Be careful not to be too quick to say that a patient’s problems are due to canal dehiscence. A study using CT to determine the prevalence of superior and posterior semicircular canal dehiscence in a patient population in Boston calculated the prevalence of superior canal dehiscence; although the result was similar to those from previous investigations (about 9%), this study shows there is a twist-the rate of posterior canal dehiscence may be lower than previously reported.
Explore This IssueSeptember 2008
Previously published studies were in general, large sample size populations but they did not employ sub-millimeter technique. We aren’t aware of any investigations employing sub-millimeter technique in evaluating the posterior semicircular canal, said Rohini Nadgir, MD, Assistant Professor of Radiology at the Boston University School of Medicine, who spoke at a Triological Society session at the Combined Otolaryngology Spring Meeting.
In this retrospective study, researchers reviewed CT scans from patients who had undergone temporal bone CT scans for a variety of clinical indications between July 2005 and March 2007. Scans were done using a sub-millimeter technique to evaluate the integrity of the superior and posterior semicircular canals. The scans were performed on a 64 detector row CT scanner using 0.625-mm slice thickness, in bone plus algorithm without contrast. A review was also done of 0.3-mm interval reconstructions in the coronal and sagittal planes.
The images were reviewed by two neuro-radiologists who rated the superior and posterior canals as normal, thin, or dehiscent. Clinically relevant data were reviewed by an otolaryngologic surgeon who was blinded to the interpretations of the CT. Radiographic results were correlated to the clinical findings.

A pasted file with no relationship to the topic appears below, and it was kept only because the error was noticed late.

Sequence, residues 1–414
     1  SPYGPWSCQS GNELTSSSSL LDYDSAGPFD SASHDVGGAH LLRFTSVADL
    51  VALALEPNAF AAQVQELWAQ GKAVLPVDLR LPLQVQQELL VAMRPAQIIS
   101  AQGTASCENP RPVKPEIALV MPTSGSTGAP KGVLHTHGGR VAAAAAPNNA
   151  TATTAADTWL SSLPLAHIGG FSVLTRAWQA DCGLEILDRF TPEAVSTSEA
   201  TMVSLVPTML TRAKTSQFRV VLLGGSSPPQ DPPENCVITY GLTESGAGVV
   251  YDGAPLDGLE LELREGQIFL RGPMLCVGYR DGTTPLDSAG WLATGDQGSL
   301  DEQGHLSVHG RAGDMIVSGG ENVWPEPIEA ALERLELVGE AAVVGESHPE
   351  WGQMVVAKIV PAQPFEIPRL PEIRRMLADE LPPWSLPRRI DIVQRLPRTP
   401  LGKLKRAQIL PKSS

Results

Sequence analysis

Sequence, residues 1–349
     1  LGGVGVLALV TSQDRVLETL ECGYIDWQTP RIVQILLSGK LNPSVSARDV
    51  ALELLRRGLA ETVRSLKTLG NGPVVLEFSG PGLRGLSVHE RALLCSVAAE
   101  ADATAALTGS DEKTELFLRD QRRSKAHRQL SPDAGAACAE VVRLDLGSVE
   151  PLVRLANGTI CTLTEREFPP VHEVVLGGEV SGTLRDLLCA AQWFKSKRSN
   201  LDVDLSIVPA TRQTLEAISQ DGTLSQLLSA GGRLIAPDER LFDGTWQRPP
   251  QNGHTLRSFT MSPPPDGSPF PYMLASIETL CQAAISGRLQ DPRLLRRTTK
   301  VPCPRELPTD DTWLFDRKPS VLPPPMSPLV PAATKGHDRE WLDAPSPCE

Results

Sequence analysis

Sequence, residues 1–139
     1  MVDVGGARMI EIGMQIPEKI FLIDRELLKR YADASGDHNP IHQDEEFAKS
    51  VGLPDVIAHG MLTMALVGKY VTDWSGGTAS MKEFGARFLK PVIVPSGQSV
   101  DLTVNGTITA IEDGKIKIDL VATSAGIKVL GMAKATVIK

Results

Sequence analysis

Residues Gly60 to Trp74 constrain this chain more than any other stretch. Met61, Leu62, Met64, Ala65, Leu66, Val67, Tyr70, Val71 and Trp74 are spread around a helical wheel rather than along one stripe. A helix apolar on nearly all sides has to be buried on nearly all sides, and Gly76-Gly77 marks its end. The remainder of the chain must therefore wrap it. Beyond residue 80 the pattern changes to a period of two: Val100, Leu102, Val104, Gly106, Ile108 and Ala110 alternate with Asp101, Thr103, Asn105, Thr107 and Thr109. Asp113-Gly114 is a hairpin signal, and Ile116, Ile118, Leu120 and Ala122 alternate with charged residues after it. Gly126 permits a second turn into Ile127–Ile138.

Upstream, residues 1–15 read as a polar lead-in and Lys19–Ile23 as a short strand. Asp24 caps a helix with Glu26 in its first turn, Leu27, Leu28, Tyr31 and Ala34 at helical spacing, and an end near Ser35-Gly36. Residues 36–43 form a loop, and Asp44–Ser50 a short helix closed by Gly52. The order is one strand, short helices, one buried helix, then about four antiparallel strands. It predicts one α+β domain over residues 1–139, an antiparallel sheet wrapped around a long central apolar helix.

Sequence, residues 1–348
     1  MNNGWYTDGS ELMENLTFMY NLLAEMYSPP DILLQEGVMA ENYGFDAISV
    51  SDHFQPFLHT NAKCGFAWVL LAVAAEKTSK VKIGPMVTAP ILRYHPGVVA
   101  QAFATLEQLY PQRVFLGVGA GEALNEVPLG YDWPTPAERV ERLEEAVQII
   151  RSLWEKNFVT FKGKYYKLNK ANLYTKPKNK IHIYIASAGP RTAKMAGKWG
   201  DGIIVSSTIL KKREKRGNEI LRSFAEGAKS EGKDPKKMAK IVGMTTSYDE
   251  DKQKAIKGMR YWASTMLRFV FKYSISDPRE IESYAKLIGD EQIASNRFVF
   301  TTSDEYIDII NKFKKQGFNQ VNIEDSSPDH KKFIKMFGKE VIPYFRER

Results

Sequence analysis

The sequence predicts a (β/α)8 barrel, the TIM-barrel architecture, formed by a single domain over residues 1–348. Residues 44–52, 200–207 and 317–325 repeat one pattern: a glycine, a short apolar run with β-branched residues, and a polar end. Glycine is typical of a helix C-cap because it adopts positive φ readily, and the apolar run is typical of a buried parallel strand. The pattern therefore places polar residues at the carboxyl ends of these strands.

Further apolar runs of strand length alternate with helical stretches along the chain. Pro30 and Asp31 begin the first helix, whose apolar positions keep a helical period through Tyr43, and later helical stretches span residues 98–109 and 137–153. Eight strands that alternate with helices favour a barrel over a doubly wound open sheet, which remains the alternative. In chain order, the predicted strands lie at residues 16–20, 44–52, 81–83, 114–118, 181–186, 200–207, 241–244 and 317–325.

Images from 454 temporal bones from 226 patients were reviewed. Of these, 19 (9%) patients were found to have dehiscence of the superior semicircular canal. Intriguingly, of these patients, none had supportive clinical evidence of the syndrome, she said. Two patients were identified as having posterior canal dehiscence, and they didn’t have clinical signs either.
Ironically, through the chart review, five patients had an initial clinical suspicion of canal dehiscence, but none had supportive radiographic evidence. The patients were found to have other explanations for their symptoms, including benign positional vertigo, endolymphatic hydrops, cholesteatoma, and otosclerosis.
Overall, the findings confirmed the same rate of superior canal dehiscence as previous studies; however, the rate of posterior canal dehiscence was much lower than published rates.
While the classic clinical presentation of Tullio’s phenomenon should always raise suspicion for the dehiscence syndrome, it is important to keep in mind that the presentation is not necessarily specific to the syndrome, she said.
Imaging studies show a higher prevalence of superior canal dehiscence than what has been found in autopsy series. This indicates that this condition can potentially be overdiagnosed if based on imaging alone. It is therefore crucial to correlate the radiographic impression with the clinical impression, she said.
Comparison of Stapedectomy Prostheses
When it comes to performing stapedectomy, the Nitinol prosthesis has several features that make it perform better than the more traditional Teflon-platinum prosthesis. It is not perfect, however, and there are some idiosyncracities the otolaryngologic surgeon needs to get used to.
According to Jason Diaz, MD, chief surgical resident at the University of Utah School of Medicine, the Nitinol prosthesis is superior in closing the postoperative air gap; however, the crimp doesn’t always go all the way around the stapes, and there are a few features that take getting used to. Dr. Diaz discussed the prostheses at the same COSM session, where he presented a study comparing the two devices.